There is a way to get Southern Nevada more water without devastating the Rural Nevada environment and leaving present Las Vegans indebted for life for water not even for them.
But first; allow me to point out that the Southern Nevada Water Authority's (SNWA's) watergrab of Rural Nevada water is a terrible idea. It's a Ponzi scheme. Though SNWA won't admit to it any longer, the real reason for wanting more water is to sustain unsustainable growth – most of it not even in Las Vegas. SNWA has put short-term developer and investor profits over the sustainable future of Nevada.
Unfortunately, water efficiency and recycling aren't enough for them. They're committed to getting more water – and we have to deal with that.
So, here's how we get them more water:
Give them the irradiated water off the Nevada Nuclear Test Site... No, not really. But when you think about it; if that water had not been irradiated, that's where Southern Nevada would have been going for more water. They wouldn't be paying billions extra to leapfrog the Test Site. They shouldn't have to.
The Federal Government owes Nevada for the water they irradiated.
Over 60 years ago; the U.S. Federal Government decided, without input from Nevada, to blow up nuclear weapons on Nevada soil. Over the years, billions of gallons of Nevada groundwater was contaminated. In conscious decisions that were made by U.S. leaders, Nevada water was determined to be acceptable collateral loss. And now we need it.
The U.S. owes Nevada for the water they irradiated. This ought to be a sure thing in civil court. But we don't want the money. We want the water.
Now, before anybody starts asking for Federal money for the watergrab, remember; if the U.S. were to pay for the SNWA watergrab pipeline network, it wouldn't really mean more water for Nevada. The watergrab just takes water from another part of the State.
What Nevada needs is more water. The only way to get that is with desalination. Because that is the only way the world is going to get more fresh water.
And how do we get that water from the coast to Southern Nevada? We don't. All we have to do is trade the desalinated water for more water from the Colorado River. The coastal cities of California will get more water – which will free up more water for Colorado River dependent farmers (some Southern California farmers sell their water to the cities), and for Southern Nevada. Win-Win-Win.
What should be done is; the U.S. Government should commit to the technical development of offshore desalination plants. Sooner or later, someone will have to construct pilot desalination plants off the coast of California. And if the government is involved, this can be done in a way that helps all water users. By providing desalinated water to our coastal communities, we can free up more water upstream on our rivers. This means more water for everyone.
It only makes sense that America plan ahead to make more fresh water for Americans. Politically, it's definitely time. Almost the whole nation is in drought.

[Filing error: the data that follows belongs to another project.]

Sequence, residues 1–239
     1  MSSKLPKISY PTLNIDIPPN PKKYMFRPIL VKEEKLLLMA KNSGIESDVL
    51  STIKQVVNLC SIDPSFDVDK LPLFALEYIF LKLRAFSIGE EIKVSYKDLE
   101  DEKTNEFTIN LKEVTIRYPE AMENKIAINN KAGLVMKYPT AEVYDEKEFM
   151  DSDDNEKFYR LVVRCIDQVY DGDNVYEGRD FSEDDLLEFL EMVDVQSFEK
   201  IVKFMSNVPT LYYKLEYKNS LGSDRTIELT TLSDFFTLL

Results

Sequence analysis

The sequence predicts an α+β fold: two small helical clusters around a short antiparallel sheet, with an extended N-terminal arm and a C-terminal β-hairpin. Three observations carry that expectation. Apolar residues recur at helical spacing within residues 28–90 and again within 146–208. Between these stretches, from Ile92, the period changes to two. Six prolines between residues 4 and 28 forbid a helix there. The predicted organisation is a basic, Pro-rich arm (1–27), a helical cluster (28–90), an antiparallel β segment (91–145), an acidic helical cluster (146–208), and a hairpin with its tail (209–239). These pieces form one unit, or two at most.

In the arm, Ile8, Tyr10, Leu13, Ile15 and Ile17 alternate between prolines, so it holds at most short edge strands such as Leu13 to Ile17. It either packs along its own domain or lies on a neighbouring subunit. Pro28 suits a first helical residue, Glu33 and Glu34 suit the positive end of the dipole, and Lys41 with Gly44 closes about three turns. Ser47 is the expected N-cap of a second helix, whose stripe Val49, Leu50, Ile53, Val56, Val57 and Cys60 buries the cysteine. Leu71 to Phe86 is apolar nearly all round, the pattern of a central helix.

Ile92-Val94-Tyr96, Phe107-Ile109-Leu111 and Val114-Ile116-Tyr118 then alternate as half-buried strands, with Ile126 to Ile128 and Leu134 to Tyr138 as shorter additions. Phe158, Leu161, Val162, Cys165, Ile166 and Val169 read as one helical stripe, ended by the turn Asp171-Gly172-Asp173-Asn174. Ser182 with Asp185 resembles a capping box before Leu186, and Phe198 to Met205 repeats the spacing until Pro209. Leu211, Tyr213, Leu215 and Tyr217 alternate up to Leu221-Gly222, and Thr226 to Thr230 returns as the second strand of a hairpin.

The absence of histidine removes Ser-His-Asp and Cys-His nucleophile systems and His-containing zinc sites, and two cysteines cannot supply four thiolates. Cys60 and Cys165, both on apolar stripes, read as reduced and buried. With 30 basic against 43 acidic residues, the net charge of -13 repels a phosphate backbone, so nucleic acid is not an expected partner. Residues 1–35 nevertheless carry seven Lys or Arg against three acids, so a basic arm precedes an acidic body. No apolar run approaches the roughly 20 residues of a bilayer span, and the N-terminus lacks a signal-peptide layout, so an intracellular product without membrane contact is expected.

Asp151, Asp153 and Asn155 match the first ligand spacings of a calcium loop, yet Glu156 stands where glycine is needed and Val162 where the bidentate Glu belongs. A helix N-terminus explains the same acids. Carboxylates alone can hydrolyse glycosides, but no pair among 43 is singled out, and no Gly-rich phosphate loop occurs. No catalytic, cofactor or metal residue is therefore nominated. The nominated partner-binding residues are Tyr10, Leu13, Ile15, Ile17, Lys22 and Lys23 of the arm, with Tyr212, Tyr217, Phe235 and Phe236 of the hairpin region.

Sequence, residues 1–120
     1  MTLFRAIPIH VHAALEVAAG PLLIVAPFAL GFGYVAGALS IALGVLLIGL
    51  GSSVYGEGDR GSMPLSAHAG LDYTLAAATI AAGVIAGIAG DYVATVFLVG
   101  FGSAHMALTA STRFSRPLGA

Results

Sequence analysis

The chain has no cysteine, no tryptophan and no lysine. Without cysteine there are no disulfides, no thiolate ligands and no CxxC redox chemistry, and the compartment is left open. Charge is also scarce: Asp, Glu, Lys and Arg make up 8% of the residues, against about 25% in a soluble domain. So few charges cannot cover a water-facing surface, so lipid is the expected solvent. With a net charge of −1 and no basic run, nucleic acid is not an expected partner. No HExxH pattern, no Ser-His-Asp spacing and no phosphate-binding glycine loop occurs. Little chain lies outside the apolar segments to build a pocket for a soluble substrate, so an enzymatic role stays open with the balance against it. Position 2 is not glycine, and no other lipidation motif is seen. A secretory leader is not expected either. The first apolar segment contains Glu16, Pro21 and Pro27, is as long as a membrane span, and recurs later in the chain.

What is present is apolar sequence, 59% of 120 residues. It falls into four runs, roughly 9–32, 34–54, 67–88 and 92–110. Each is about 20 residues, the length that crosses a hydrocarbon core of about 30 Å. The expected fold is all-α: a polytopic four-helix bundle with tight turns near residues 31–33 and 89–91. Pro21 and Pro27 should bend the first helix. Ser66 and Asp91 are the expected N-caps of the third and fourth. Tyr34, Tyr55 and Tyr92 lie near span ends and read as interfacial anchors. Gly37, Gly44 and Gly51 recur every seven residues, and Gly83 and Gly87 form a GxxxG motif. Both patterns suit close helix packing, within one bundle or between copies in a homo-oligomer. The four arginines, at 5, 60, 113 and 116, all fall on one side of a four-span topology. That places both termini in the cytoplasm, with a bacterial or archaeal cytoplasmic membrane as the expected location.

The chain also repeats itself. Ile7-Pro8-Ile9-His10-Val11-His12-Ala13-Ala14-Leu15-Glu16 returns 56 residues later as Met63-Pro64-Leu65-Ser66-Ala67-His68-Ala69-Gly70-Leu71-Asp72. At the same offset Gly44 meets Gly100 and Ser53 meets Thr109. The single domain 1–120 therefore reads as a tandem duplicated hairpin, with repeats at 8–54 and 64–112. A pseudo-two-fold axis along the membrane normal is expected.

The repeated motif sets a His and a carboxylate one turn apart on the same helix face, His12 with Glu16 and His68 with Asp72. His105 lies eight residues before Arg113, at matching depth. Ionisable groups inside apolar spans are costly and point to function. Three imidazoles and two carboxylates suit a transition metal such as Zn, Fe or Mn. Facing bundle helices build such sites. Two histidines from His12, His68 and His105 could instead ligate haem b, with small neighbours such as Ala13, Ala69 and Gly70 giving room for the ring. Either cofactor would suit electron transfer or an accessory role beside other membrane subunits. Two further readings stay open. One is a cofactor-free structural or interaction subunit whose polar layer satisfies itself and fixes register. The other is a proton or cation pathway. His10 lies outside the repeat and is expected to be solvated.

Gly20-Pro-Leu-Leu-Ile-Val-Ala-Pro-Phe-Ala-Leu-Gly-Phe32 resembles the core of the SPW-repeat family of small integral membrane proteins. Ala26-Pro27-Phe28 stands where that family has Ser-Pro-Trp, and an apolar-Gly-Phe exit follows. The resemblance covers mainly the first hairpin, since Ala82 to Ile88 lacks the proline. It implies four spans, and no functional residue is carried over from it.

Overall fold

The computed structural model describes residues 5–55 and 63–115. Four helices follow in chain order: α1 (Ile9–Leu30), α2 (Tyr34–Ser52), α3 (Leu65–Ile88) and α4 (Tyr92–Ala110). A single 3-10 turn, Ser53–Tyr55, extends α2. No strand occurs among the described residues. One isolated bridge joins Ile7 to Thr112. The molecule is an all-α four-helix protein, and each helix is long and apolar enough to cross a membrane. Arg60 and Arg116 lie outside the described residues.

The cost of desalination has dropped drastically since Pat Mullroy pulled together SNWA from competing water districts in Southern Nevada (with the obvious intent of bullying Central Nevada).
What seemed like a good idea 20 years ago is now the more expensive decision.
Besides, if they take the water, it won't be there when they really need it.
SNWA could still do the right thing. Now that they have the water rights to valleys hundreds of miles away, all they have to do is nothing. By sitting on those water rights, SNWA could save these valleys (and the adjacent mountain ranges) beautiful natural high desert environment for decades. Saving water for when we really need it is the wise thing to do – and it's far less expensive.
For their immediate needs (wants); there is a less expensive potential source than the watergrab – and Las Vegans might even get major financial help paying for it. The U.S. still owes Nevada water. Moreover, California needs more water. And California has a lot of political clout.
If Nevada and California got together in Congress – along with many other States now in drought; we could pass legislation to develop offshore desalination plants. These desalination plants would be tsunami resistant, earthquake resistant, terrorism resistant, unaffected by sea level rise, insignificant contributors of salt to the deep ocean, out of the views of coastal communities, and if designed right; run off of renewable energy such as solar, wind, and/or wave energy.
America needs more water. The only way to practically get more fresh water is desalination. The only way to practically desalinate is to do it offshore. And the only way this will happen any time soon is if our nation pulls together like on the development of the interstate highway system.
Offshore desalination is inevitable. The only question is; will we decide to drain all our groundwater first?
Please sign this petition